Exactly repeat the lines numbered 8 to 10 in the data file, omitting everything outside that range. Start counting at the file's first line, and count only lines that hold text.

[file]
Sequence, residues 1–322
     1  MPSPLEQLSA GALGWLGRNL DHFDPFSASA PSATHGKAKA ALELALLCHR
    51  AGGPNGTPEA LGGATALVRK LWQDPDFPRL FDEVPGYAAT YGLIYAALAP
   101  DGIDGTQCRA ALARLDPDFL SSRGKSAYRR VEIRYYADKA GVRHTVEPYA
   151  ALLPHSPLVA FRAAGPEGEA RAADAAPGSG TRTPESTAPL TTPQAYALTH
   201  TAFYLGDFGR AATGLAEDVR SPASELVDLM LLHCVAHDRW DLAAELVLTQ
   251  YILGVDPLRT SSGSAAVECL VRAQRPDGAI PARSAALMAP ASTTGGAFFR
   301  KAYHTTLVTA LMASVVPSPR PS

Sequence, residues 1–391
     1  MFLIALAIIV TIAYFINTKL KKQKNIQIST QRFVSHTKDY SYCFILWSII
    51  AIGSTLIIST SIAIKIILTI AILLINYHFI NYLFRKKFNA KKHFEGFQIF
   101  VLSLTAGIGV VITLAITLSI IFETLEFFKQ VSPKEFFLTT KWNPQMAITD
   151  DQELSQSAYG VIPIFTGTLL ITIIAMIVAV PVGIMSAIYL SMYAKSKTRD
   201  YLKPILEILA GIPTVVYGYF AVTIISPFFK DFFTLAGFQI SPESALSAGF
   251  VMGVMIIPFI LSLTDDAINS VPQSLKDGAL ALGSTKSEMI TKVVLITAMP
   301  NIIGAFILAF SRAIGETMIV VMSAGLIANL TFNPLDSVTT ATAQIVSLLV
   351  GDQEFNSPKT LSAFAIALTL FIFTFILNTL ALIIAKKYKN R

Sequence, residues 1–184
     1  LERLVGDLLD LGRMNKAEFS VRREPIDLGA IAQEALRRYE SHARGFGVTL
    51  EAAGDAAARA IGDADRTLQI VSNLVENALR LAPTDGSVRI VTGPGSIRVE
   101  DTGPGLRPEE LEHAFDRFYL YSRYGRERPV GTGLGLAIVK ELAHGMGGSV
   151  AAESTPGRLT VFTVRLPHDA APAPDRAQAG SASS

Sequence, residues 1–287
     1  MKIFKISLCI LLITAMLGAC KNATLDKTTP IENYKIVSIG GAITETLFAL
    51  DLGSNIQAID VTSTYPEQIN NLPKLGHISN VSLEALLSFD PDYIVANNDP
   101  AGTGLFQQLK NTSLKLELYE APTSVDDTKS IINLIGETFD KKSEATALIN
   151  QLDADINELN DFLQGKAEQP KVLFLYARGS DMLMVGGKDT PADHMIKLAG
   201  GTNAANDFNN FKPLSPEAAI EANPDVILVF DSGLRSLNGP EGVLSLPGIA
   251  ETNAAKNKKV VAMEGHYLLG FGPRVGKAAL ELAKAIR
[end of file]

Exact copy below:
   301  KAYHTTLVTA LMASVVPSPR PS

Sequence, residues 1–391
     1  MFLIALAIIV TIAYFINTKL KKQKNIQIST QRFVSHTKDY SYCFILWSII